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MAKE BLOOD DONATION A ’94 HABIT

SHARE MAKE BLOOD DONATION A ’94 HABIT

If they haven't already done so, those Utahns able to donate blood ought to make it a regular habit in 1994. Blood supplies are perishable, there's hardly ever too much on hand, and any change in circumstances can quickly deteriorate into life-threatening shortages.

That is a lesson that many parts of the United States are learning right now. A combination of the holiday season, snowstorms and widespread flu have dramatically reduced the number of donors in some cities and regions across the nation.As a result, blood supplies in dozens of places are lower than they have been for years. The American Red Cross says the shortage is worse than at any time in the organization's history. The Red Cross national inventory - usually a three-day supply - fell this week to a single day.

Some hospital blood banks were down to their last units. In Maine, one hospital actually ran out for a few hours. Surgeons there are considering canceling elective surgery during the next few weeks. Hospital officials are afraid of cases involving heavy bleeding - situations they may not be able to handle.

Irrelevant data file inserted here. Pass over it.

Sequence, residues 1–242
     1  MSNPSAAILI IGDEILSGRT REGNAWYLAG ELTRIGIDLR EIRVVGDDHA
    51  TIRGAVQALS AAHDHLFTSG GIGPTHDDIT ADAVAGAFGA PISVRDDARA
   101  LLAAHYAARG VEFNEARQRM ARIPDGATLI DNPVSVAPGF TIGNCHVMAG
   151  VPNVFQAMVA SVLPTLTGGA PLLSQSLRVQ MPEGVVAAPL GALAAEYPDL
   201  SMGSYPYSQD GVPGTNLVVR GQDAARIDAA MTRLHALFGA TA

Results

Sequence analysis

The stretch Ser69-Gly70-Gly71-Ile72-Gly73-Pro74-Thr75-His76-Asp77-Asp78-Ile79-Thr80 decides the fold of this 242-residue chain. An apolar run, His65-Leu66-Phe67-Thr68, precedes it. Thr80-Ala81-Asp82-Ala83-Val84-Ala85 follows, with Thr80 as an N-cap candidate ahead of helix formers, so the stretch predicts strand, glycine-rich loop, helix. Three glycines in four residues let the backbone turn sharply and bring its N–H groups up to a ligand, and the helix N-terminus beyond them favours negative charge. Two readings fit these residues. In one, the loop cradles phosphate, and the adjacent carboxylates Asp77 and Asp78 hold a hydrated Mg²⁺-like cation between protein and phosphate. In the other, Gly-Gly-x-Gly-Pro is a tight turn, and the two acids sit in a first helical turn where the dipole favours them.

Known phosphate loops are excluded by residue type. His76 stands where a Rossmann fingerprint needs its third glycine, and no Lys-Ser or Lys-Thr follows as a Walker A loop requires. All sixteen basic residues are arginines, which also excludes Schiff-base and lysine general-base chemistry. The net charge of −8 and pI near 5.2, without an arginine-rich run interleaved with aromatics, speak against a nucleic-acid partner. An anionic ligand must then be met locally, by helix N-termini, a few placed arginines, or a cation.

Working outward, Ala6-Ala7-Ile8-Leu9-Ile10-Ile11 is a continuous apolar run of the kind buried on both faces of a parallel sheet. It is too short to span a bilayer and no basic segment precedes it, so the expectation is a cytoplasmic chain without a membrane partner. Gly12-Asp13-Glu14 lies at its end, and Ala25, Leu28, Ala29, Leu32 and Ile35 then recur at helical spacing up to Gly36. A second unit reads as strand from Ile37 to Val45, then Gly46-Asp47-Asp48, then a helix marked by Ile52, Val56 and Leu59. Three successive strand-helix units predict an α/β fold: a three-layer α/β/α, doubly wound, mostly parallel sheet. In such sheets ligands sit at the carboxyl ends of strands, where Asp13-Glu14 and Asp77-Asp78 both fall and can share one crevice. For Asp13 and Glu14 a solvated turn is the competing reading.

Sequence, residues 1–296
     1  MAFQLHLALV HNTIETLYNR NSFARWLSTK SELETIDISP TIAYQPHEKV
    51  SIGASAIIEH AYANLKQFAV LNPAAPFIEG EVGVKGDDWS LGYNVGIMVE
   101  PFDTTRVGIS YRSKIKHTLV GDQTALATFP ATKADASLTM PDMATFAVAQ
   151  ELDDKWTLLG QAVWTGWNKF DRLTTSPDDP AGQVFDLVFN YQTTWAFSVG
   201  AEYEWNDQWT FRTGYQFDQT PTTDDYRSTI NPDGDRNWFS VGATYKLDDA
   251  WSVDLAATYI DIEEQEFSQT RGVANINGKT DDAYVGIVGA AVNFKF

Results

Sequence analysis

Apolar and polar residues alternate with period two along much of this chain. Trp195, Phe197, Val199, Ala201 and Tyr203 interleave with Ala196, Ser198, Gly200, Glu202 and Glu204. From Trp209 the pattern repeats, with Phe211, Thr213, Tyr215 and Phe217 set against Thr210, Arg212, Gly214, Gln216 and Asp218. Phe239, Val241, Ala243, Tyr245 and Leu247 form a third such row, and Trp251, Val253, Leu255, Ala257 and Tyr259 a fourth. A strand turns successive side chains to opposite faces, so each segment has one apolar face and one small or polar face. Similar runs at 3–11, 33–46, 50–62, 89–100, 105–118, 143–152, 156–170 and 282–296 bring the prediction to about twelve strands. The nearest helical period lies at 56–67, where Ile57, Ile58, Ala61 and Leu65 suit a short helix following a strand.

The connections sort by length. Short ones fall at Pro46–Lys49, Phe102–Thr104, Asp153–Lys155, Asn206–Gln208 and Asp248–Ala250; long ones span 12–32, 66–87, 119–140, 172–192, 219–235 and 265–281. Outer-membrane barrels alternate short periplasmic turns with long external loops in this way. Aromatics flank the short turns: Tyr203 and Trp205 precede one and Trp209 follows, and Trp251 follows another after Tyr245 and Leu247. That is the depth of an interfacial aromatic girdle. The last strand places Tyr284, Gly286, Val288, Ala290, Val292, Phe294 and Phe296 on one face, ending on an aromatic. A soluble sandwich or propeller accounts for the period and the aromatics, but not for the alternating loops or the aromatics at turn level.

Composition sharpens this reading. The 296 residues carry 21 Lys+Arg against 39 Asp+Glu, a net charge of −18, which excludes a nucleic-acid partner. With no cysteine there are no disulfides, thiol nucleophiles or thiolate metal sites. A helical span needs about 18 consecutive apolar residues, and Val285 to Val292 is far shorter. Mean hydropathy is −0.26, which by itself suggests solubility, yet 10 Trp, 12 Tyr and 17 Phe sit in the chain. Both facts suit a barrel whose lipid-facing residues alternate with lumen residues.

Among those places reporting emergency shortages are Atlanta, Dallas, Houston, Chicago, New Orleans, San Francisco, Detroit, Cleveland, Los Angeles, Miami and Philadelphia. Others also hard hit are Buffalo, N.Y.; Birmingham and Mobile, Ala.; Charlotte, N.C.; Columbus, Ohio; Dedham, Mass.; Flint and Lansing, Mich.; Little Rock, Ark.; San Bernardino and Fresno, Calif., and Peoria, Ill.

The Intermountain Health Care Blood Bank, which supplies most of the blood used for transfusions throughout Utah, is not experiencing a shortage at the moment, but officials acknowledge that the situation can change from day to day. They would like to have a bigger backlog, especially of certain O-types of blood.

The best insurance against blood shortages is a small army of regular donors. If some are stricken by ill health or otherwise delayed in donating, the loss is less drastic than in places where there are chronic shortfalls.

Utahns should visit a hospital blood bank or donate at every opportunity when a bloodmobile visits a business, civic sites, churches and other settings. It's a great way to be a life-saver for other people.